17
Mar
11

When maps go bad

Both the New York Times and Britain’s Daily Mail newspapers, amongst others,  have run with a story about the radioactive plume that is set to hit the West coast of the US on Friday, March 18th.

New York Times Radioactive Plume

New York Times March 16th

What the Mail reports as a ‘chilling forecast’ shows how prevailing winds are carrying what begins as red ‘radioactivity‘ across the Pacific on the jetstream and is still yellow ‘radioactivity’ when it hits the US. Meanwhile the Times shows the plume with ‘arbitrary units of relative radioactivity levels’ color coded, beginning pink at the highest levels in Japan, arriving at US coastline a kind of pinky purple – the lowest levels shown.

Despite mentioning in both articles that the risks are expected to be extremely low, both are written with a menacing undertone. Official statements are broken into soundbytes, almost suggesting that they are perhaps unreliable. The Mail makes a tenuous link between the US contamination and the decision to withdraw US citizens from Tokyo, while neither paper mentions several key facts including the relatively low odds that the plume can get high enough to join the jetstream, given that the radioactivity is currently dispersing in a lazy plume and not the type of cloud associated with, say, a nuclear bomb.

The origin of these maps appears to lie in something created within the United Nations by the Comprehensive Test Ban Treaty Organization in Vienna, designed to determine which of its worldwide monitoring stations would be most appropriate to use to identify dispersal patterns. This map, which was not released to the public but leaked by a UN source,  contained no suggested levels or impact.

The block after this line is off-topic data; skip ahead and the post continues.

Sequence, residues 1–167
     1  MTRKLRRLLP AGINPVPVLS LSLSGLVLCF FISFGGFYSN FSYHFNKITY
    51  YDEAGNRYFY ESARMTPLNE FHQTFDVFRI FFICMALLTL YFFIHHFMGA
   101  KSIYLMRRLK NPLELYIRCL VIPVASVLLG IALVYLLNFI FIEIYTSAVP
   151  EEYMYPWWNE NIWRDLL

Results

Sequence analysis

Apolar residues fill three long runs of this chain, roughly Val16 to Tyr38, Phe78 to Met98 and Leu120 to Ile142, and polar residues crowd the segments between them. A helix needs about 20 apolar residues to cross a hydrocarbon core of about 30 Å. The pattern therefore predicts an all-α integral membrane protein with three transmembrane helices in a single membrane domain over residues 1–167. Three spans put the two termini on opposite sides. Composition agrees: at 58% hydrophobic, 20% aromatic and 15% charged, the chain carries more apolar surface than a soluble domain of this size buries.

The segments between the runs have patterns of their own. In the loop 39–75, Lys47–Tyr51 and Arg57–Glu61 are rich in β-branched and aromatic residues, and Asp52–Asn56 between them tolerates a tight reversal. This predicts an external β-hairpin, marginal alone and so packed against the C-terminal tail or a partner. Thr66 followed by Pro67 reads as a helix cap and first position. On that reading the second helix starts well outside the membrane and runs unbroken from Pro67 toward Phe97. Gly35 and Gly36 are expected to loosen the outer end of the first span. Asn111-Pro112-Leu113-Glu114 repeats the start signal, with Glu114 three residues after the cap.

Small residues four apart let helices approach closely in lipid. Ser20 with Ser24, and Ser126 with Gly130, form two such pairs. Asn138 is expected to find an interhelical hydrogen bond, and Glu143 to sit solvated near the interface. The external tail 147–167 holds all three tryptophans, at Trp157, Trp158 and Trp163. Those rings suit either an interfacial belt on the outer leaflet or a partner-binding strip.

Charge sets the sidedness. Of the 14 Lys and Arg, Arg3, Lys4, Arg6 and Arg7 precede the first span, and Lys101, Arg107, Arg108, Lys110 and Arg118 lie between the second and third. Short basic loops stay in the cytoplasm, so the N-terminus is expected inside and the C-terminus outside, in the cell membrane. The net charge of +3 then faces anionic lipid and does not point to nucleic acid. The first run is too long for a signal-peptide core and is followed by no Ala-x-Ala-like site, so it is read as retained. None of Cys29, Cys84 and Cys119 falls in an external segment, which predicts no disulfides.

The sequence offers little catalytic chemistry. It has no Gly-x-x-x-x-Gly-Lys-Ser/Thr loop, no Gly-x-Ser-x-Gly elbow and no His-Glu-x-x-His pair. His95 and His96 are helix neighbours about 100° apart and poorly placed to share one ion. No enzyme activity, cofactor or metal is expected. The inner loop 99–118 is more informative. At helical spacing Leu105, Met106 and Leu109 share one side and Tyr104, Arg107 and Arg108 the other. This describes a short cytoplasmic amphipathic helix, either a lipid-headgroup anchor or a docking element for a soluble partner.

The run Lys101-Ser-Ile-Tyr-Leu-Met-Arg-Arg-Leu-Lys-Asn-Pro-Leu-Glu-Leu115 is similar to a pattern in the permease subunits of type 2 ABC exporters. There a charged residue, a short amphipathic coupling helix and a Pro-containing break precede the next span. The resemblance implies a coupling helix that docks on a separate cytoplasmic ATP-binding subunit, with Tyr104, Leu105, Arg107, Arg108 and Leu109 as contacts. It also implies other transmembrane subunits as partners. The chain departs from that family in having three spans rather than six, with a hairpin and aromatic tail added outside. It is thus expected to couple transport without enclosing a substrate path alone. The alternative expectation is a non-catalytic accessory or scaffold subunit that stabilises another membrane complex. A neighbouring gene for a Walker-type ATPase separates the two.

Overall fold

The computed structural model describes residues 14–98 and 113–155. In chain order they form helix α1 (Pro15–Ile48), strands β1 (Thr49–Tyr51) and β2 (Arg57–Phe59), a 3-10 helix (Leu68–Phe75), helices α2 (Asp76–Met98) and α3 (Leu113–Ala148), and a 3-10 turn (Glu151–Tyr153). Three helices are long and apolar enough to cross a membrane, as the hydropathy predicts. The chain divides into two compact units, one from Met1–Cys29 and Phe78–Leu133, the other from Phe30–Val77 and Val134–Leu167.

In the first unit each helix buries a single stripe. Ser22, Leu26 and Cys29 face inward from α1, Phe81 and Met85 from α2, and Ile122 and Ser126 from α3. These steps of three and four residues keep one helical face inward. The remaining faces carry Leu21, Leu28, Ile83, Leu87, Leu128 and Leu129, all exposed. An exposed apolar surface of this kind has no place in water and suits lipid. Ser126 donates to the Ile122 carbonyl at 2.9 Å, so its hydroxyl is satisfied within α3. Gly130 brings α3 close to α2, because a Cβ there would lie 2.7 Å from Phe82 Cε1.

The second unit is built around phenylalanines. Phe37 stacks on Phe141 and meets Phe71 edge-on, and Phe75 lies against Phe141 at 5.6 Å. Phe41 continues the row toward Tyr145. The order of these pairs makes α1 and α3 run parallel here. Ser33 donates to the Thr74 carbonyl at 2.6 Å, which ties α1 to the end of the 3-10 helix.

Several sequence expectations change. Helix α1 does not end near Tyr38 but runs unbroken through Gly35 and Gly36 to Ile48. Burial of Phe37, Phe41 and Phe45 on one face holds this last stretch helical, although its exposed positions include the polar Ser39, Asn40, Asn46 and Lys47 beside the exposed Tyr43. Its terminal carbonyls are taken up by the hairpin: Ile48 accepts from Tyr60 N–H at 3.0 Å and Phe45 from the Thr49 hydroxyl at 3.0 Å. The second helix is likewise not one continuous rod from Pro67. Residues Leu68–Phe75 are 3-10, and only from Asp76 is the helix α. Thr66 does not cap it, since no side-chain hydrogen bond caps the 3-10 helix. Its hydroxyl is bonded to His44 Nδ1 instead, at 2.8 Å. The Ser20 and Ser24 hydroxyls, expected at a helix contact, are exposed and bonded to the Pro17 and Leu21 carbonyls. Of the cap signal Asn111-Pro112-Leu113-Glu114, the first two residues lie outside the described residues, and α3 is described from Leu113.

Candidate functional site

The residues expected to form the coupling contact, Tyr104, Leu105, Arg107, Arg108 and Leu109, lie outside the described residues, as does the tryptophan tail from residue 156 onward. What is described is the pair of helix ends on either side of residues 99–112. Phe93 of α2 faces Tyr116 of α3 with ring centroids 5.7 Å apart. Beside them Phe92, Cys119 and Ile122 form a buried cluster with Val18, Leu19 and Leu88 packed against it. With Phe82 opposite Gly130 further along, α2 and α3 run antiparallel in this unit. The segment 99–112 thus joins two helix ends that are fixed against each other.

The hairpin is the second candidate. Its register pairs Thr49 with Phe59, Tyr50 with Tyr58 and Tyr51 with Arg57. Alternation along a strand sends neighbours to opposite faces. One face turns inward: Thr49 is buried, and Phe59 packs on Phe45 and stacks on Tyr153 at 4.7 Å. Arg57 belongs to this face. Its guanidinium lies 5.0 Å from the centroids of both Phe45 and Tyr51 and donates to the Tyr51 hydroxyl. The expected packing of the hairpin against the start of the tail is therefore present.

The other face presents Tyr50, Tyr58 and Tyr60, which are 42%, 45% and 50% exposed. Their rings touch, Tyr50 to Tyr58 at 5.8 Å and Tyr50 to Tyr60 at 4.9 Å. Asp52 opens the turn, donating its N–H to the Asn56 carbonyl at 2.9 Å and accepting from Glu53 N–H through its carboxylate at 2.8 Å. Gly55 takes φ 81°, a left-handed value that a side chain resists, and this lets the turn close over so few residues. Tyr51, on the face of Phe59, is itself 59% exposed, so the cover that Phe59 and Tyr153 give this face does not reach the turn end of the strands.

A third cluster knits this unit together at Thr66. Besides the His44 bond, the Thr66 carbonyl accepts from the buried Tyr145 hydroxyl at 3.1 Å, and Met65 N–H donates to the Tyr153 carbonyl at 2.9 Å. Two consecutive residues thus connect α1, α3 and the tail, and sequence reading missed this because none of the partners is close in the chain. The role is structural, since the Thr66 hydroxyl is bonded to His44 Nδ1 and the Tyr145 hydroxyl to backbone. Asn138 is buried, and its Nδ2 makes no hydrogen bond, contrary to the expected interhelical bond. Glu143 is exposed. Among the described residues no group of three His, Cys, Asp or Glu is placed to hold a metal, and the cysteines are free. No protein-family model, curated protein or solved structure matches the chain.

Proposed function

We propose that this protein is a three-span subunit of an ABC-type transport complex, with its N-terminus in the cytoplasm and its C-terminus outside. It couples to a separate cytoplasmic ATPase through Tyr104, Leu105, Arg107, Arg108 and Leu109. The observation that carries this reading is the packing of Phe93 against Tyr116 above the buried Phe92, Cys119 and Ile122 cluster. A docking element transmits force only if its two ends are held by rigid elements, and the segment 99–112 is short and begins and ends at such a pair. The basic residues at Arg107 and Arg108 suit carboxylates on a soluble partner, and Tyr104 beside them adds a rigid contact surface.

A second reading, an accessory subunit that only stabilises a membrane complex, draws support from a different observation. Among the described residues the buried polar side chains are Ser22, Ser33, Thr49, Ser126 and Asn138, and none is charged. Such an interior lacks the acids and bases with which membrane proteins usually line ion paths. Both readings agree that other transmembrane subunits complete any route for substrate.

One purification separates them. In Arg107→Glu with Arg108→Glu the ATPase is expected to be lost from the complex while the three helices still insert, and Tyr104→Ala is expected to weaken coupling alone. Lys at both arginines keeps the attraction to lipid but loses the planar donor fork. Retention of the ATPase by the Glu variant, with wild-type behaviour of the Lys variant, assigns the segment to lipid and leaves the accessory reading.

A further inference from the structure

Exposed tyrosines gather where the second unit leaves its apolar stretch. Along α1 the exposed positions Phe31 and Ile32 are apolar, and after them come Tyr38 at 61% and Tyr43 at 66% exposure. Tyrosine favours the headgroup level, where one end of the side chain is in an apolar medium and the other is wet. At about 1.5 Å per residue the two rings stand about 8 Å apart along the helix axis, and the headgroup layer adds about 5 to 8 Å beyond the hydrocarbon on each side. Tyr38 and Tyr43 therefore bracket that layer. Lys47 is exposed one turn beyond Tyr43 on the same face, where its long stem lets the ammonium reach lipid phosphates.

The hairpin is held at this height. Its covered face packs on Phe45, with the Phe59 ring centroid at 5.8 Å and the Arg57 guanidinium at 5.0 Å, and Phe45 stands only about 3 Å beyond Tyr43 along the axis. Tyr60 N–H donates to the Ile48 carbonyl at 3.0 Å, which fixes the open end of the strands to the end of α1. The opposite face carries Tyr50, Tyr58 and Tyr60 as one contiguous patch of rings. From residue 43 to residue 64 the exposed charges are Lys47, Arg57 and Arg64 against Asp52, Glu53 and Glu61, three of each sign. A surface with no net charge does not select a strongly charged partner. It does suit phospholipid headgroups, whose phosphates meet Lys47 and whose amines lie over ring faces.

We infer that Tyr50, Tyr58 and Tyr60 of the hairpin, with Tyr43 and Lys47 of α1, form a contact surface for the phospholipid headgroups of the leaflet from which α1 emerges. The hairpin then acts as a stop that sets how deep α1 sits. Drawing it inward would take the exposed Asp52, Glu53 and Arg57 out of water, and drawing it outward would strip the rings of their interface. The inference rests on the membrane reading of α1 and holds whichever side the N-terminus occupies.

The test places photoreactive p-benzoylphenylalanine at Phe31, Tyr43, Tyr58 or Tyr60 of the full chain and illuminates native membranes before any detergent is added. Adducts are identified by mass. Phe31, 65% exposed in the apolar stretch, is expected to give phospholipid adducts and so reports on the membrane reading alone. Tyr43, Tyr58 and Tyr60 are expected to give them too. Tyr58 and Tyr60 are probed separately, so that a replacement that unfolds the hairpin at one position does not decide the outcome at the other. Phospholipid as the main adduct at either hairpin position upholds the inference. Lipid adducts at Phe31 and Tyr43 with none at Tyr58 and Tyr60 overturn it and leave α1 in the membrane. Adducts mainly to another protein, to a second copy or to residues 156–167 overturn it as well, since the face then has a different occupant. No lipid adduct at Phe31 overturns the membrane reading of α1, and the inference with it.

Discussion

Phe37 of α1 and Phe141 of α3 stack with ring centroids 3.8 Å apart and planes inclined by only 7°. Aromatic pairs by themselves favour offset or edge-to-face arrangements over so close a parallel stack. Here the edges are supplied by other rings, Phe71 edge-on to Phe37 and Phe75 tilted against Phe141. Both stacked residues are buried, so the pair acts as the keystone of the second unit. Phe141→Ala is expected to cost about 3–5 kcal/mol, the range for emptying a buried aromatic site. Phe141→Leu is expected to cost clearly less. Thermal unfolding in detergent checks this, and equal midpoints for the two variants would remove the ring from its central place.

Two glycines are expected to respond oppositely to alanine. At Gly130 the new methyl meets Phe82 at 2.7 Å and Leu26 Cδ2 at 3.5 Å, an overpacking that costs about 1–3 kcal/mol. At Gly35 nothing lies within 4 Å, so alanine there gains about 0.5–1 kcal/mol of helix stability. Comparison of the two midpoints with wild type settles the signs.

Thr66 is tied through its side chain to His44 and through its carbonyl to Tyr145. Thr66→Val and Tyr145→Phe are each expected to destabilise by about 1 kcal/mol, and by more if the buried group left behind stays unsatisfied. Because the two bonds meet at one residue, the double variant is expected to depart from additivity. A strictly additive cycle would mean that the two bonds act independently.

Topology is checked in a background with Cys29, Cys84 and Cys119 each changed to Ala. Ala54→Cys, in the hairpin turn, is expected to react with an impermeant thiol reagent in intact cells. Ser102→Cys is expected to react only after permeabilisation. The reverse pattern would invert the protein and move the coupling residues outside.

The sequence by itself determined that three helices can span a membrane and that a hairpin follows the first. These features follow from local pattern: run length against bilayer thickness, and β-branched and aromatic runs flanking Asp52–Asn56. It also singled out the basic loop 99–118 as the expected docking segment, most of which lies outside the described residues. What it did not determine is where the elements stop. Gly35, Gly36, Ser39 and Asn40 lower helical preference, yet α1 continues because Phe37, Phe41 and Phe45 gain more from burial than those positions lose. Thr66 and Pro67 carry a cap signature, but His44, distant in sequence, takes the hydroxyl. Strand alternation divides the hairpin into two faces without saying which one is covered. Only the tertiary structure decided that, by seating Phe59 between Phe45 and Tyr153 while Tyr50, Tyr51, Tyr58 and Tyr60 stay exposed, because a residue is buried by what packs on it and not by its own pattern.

Daily Mail March 17th

Daily Mail March 17th

Credit for the worst of examples has to be given to a map circulating under the badge of ‘Australian Radioactive Services’ which shows the same plume with suggested radiation levels. Provocatively titled ‘Nuclear Fallout Map” It shows a deadly 750 rad cloud engulfing the US as far east as Colorado within 10 days. In some cases this is circulating via email with some great accompanying copy – “500-750 Rads – Nausea within a few hours – NO survivors”. ARS has included a statement on its home page denying any knowledge of this map, but Google ‘750 Rads’ or Nuclear Fallout and you are sure to see a variety of articles referring to this sick, irresponsible piece of graphic art. Fema, The California Emergency Management Agency and the United Nations have all issued statements discrediting the map Thursday morning, suggesting that it is more inkeeping with what might be expected from a nuclear attack.

Panic

Panic! Fake Fallout Map

The misinformation combined with underlying suspicion of all things radioactive is apparently enough to have triggered some panic buying on the West coast, including big runs on Iodine tablets, used for protection in the event of exposure to radioactive iodine. But for now, it would appear the most immediate concern for US safety should be the effect on the immediate environment around Japan, including the food chain that will be seriously affected by the catastrophe, and poses much more of a threat than any imaginary yellow, red or pink cloud of ‘death particles’ said to be swarming towards us.

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